Eksistensieteologie en godsdiensonderrig
Van Wyk, Jan Hendrik
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1. The problem: In order to be able to confront the modern child with a meaningful and intelligible interpretation of Holy Scripture, the teacher in religious education munt have a sound knowledge of contemporary issues regarding Biblical interpretation, as well as of the situation of the modern child. Uncertainty prevails in theology and radicalism and nee-positivism have led some theologians to announce the death of God. Characteristics of the milieu of the modern child are absurdity, chaos, secularism and horizontalism, loneliness, materialism and industrialism tend to depersonalize modern man. Relativism leads to a hyperdynamic and pluriform culture. Prevailing philosophies (existentialism and neo-positivism on one hand and nee-empiricism and nee-realism on the other) determine and dominate contemporary thought. This is the background against which children have to receive religious education nowadays. Contemporary tendencies confront teacher, parent and catechist with problems which demand an answer. 2. The origin of modern existentialist theology: Modern existentialist theology has its origin in the old Gnostics and the "Aufklarung", especially the positivism of Lessing and the anti-metaphysical conclusions of Kant. The search for a concept of reality developed into phenomenology, nee-positivism, neo-realism and secularism. Hegelian dialectics and existentialism with their anti-metaphysical tendencies and anthropocentrism were the cradle of the "new" theology. Contributory factors are the emerging natural and technical sciences, historical criticism, Barthianism, Bible criticism, pietism, nineteenth century modernism, contemporary problems of Biblical interpretation for modern man and the relative neglect by the church of "secular" matters. 3. The nature of ecistentialist theology: The Bible is regarded as mythological writing that needs to be interpreted existentially in order to be comprehensible to modern man. Jesus is conceived of as a human model and not as Saviour. Radicalists plead for the abandonment of religion by the church. For them the church is an altruistic institution for the advancement of human happiness and welfare in this world. Love for one's fellowman is considered to be the sole standard of morality. 4. The implications of existentialist theology for religious education: Recent years have seen the publication of some text-books and educational articles on religious education, which reveal undeniable features of existentialist theology. In Chapter 4 of this thesis a few of these books and articles are discussed as examples of the influence on religious education of the "new" theology. 5. Critical evaluation of existentialist tendencies: in theology and religious education. Modern theology has many valuable contributions to make to religious education, summoning us to responsicle faith in God, demanding a greater interest in man and his world, giving Christ a central position in religion, opening up new perspectives of the human element in Holy Scripture and disclosing the dangers of a purely conventional religious attitude. On the other hand, modern theology contains many negative and dangerous elements. It is humanistic, dualistic and superficial. Atheism is a direct result of the abandonment of religion. Religion disappears in love of one's fellow man and for Christology and Pneumatology the "new" theologians substitute anthropology. The authority of the Bible is denied while the concrete is absolutized and; idolized. If the church agreed to become merely a welfare organisation, it would lose the true message of the Gospel. 6. The correct understanding and interpretation of Holy Scripture: Modern theology compels the teacher to ascertain what the writers of the Bible were saying to the people of their own day. Modern theology also requires the teacher to declare the eternal truths contained in Holy Scripture and to expound its character as the Word of the living God for the present time. To aid the teacher in interpreting the Bible intelligibly to modern children, Chapter 6 of this thesis presents some hermeneutic principles which take into account the socio-historical background as well as the purpose and real meaning of the respective pericopes. 7. Other methodological and didactic guidelines for an intelligible religious education for the present time: Chapter 7 of this thesis presents methodological and didactic guidelines for the teacher in religious education, such as will help him to avoid the adverse and will enable him to utilise the beneficial elements in the new theological tendencies. The author pleads for real Christian emphasis in the teaching of all school subjects, for purposeful religious education, for actuality and existential experience of the Biblical subject matter for education towards responsibility for stimulation of independent thinking, for implementation of meaningful exercises, for accentuation of perceptivity rather than objective knowledge and memory, for involvement of the scholar in the truths he is learning, for development of a proper conception of the unity of Scripture, for understanding of the child in his situation, for cogent proclamation of the risen Christ (also to be seen in the lives of his modern disciples) and for education in compassion for one's suffering fellow man.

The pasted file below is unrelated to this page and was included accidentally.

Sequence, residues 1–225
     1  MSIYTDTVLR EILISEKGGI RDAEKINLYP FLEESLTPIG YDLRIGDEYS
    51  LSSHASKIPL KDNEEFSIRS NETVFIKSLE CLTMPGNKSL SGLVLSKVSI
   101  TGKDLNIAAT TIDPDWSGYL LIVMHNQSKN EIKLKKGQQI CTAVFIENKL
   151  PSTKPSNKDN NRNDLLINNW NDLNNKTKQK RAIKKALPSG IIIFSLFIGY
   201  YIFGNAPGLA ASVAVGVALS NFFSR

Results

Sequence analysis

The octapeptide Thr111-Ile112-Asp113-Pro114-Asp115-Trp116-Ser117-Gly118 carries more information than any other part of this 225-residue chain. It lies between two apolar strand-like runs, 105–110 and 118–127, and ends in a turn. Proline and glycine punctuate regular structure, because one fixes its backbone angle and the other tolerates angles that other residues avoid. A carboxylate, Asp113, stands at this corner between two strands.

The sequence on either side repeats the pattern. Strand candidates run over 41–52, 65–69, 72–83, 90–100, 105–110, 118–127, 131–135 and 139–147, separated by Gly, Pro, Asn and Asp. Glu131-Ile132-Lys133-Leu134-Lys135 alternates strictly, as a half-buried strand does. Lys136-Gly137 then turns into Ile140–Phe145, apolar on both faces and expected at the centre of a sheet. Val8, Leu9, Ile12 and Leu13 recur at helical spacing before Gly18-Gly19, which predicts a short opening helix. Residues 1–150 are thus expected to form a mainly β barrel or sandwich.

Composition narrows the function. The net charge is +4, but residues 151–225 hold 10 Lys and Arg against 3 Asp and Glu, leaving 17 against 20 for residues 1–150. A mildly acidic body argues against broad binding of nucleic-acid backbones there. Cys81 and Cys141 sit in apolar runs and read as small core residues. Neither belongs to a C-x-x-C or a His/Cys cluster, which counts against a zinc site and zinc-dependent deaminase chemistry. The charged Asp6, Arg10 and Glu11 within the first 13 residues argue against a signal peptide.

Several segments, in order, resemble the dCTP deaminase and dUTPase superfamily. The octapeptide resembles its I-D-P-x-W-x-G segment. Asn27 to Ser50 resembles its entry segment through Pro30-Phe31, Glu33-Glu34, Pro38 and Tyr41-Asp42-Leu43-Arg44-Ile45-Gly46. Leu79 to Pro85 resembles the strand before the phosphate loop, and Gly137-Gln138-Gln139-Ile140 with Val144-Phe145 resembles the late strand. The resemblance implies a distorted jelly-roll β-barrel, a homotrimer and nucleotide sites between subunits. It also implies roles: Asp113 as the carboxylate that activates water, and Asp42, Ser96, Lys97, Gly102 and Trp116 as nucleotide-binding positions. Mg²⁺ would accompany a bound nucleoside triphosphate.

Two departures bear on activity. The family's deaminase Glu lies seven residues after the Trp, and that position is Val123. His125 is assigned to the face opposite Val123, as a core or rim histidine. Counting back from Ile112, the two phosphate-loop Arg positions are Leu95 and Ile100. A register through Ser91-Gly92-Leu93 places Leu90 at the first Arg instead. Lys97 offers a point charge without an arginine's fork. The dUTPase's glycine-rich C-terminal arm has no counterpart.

- Education